Twenty-sixth Amendment of the Constitution of Ireland
|Twenty-sixth Amendment of the Constitution of Ireland|
|To permit the state to ratify the Treaty of Nice|
|Date||19 October 2002|
The Twenty-sixth Amendment of the Constitution Act 2002 (previously bill no. 32 of 2003) is an amendment of the Constitution of Ireland which permitted the state to ratify the Treaty of Nice. It was approved by referendum on 19 October 2002 (sometimes known as the second Nice referendum) and signed into law on 7 November of the same year. The amendment followed a previous failed attempt to approve the Nice Treaty which was rejected in the first Nice referendum held in 2001.
The Treaty of Nice was signed by the member states of the European Union in February 2001, amending the Treaties of the European Union. Under the decision of the Supreme Court in Crotty v. An Taoiseach (1987), an amendment to the Constitution was required before it could be ratified by Ireland. In June 2001, an amendment to the Constitution of to allow the ratification of the Nice Treaty was rejected in a referendum. One of the reasons the No side had called for its rejection was that it would affect Irish neutrality. When the Nice Treaty was put to a second vote, the wording of the constitutional amendment excluded participation in common defence. The Treaty of Nice contained a number of optional discretionary provisions that member-states could activate at a later time after its adoption. The Government of Ireland and the European Council jointly made the Seville Declarations on the Treaty of Nice in June 2002 to recommit themselves to shared interests ahead of the second vote. The Twenty-sixth Amendment permitted the Republic to choose to exercise these options, provided its decision was approved by the Oireachtas.
Changes to the text
Insertion of the following subsections in Article 29.4:
7º The State may ratify the Treaty of Nice amending the Treaty on European Union, the Treaties establishing the European Communities and certain related Acts signed at Nice on the 26th day of February 2001.
8º The State may exercise the options or discretions provided by or under Articles 1.6, 1.9, 1.11, 1.12, 1.13 and 2.1 of the Treaty referred to in subsection 7º of this section but any such exercise shall be subject to the prior approval of both Houses of the Oireachtas.
9º The State shall not adopt a decision taken by the European Council to establish a common defence pursuant to Article 1.2 of the Treaty referred to in subsection 7 of this section where that common defence would include the State.
Existing subsections 7º and 8º of Article 29.4 renumbered as 10º and 11º respectively.
The Twenty-sixth Amendment of the Constitution Bill was proposed in Dáil Éireann by Minister for Foreign Affairs Brian Cowen on 4 September 2002 on behalf of the Fianna Fáil–Progressive Democrats coalition government led by Taoiseach Bertie Ahern. It passed final stages in the Dáil on 11 September, where it also had the support of Fine Gael and the Labour Party, and was opposed by Sinn Féin, the Green Party and the Socialist Party and a number of Independent TDs. It passed final stages in Seanad Éireann on 13 September and proceeded to a referendum on 19 October.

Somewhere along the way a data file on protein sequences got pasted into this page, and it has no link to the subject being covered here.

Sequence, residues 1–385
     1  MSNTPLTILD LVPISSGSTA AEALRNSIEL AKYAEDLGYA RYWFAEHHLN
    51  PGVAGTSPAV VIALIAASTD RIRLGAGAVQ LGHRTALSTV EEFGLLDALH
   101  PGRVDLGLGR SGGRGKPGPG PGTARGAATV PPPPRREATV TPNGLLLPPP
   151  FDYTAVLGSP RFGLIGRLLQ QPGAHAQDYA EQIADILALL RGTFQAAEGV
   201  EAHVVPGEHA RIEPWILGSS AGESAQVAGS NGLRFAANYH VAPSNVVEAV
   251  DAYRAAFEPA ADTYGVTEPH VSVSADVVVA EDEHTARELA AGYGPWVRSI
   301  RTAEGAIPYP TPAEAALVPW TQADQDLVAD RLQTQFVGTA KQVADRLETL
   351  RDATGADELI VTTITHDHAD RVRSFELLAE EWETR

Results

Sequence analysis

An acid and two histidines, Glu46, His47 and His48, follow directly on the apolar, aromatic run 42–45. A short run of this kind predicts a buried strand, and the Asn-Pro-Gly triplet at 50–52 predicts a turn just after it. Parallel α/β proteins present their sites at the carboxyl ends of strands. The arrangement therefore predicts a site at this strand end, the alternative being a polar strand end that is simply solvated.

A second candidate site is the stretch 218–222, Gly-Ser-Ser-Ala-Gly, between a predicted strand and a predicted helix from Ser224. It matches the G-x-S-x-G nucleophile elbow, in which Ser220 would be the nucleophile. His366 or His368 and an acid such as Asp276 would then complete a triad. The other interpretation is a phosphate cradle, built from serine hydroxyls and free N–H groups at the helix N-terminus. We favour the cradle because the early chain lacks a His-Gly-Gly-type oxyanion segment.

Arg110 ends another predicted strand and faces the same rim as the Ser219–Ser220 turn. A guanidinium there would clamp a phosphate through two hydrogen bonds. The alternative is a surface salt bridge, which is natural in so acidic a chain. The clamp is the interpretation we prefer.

A Referendum Commission was established by Minister for the Environment and Local Government Noel Dempsey. It was chaired by former Chief Justice Thomas Finlay. Its role was to prepare one or more statements containing a general explanation of the subject matter of the proposal and of the text of the proposal in the amendment bill.
|Invalid or blank votes||5,384||0.37|
|Registered voters and turnout||2,923,918||49.47|
|Constituency||Electorate||Turnout (%)||Votes||Proportion of votes||± Yes 2001|
The '± Yes 2001' column shows the percentage point change in the Yes vote compared to the first Nice referendum which was rejected in a referendum in 2001.
Note on numbering
The Twenty-sixth Amendment follows directly after the Twenty-third Amendment in the list of successfully passed Amendments. This is because the Twenty-fourth and Twenty-fifth Amendment of the Constitution Bills were both rejected in referendums, and the government decided not to reuse the numbers. Numbers have been re-used before, for example, there were rejected proposals titled the Third Amendment in 1959 and in 1968, before the Third Amendment of the Constitution of Ireland was passed in 1972.
- Politics of the Republic of Ireland
- History of the Republic of Ireland
- Twenty-eighth Amendment of the Constitution of Ireland (Permission to ratify the Treaty of Lisbon).
- "Twenty-sixth Amendment of the Constitution Bill, 2002: Second Stage". Houses of the Oireachtas. 4 September 2002. Retrieved 25 May 2018.
- "Twenty-sixth Amendment of the Constitution Bill, 2002: Committee Stage (Resumed) and Remaining Stages". Houses of the Oireachtas. 11 September 2002. Retrieved 25 May 2018.
- "Twenty-sixth Amendment of the Constitution Bill, 2002: Committee and Remaining Stages". Houses of the Oireachtas. 13 September 2002. Retrieved 25 May 2018.
- "S.I. No. 346/2002 - Referendum Act, 1998 Referendum Commission (Establishment) (No. 2) Order, 2002". Irish Statute Book. 9 July 2002. Retrieved 25 May 2018.
- "Referendum Act, 2001". Irish Statute Book. 22 December 2001. Retrieved 24 May 2018.
- "Referendum Results 1937–2015" (PDF). Department of Housing, Planning and Local Government. 23 August 2016. p. 72. Retrieved 25 May 2018.